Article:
So now instead of your application first connecting on to App namespace, which is our primary, and then connecting on to secondary namespace, if there is a failure in App namespace, it can just connect on to the areas. And I explain this to you once we actually create this pairing in place. And I’ll explain this once we have this pairing in place. So I’ll give a name and hit on Create. Now this might take a couple of minutes. Let’s wait till this is complete. Now, once the pairing is complete, now here you can see you have your primary and your secondary namespace in place. So now whenever there is an issue with the region that is hosting your primary namespace.

If it goes down, then automatically it will switch over onto the secondary namespace. You can also do a manual failover at any point in time. Now, in your application, in order to ensure that there is no disruption onto sending events. Now, instead of using the shared access policy of each namespace separately, now for this particular alias which has been created, it also has its own share access policy. And what do I mean by this? So remember in one of our earlier programs when we saw a.

Net application for sending messages, let’s say onto Azure Event Hub, we had to take the connection string. Now, instead of going on to app namespace and taking this shared access policy or taking the shared access policy of the Event Hubs individually, what you can do is that you can now go on to that alias, go on to share access policy, and here you will see your shared access policies from here itself.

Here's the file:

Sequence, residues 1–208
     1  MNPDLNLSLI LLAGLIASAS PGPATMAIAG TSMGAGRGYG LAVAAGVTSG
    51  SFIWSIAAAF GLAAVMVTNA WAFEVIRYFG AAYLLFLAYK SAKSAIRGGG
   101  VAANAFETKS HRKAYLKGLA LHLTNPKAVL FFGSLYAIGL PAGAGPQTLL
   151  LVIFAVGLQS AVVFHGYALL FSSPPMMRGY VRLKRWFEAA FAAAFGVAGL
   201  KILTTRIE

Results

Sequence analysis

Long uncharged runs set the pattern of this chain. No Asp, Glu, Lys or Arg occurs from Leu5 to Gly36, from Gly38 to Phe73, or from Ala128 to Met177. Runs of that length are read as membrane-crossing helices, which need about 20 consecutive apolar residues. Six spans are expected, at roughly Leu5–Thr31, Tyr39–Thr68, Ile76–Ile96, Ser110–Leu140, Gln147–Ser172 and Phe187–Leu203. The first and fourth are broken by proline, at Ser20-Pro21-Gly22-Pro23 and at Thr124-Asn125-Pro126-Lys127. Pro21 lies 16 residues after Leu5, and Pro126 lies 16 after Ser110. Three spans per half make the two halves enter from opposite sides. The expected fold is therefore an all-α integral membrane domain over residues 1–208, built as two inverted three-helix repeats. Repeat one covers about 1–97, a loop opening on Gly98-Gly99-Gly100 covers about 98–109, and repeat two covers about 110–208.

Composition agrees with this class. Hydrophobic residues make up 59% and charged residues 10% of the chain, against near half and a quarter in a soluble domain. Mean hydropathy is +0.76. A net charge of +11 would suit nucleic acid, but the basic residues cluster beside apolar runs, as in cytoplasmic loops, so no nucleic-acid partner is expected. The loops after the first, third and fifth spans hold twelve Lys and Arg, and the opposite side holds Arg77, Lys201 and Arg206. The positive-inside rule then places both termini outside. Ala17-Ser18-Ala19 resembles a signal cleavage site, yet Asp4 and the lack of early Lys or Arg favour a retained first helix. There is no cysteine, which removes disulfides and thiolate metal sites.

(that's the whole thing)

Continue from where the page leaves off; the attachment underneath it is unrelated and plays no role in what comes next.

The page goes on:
So now if you go on to one of the existing shared access policy, now you will see you have something known as the alias primary connection string. So now you can copy this onto your program. So what this does is if there is a failure in the primary Event Hub namespace, then you don’t need to change the connection string in your program because now it is connecting on to this alias. This alias will ensure that if there is a problem with the Event Hub in the primary namespace, your program can now connect on to the Azure Event Hub in the secondary namespace.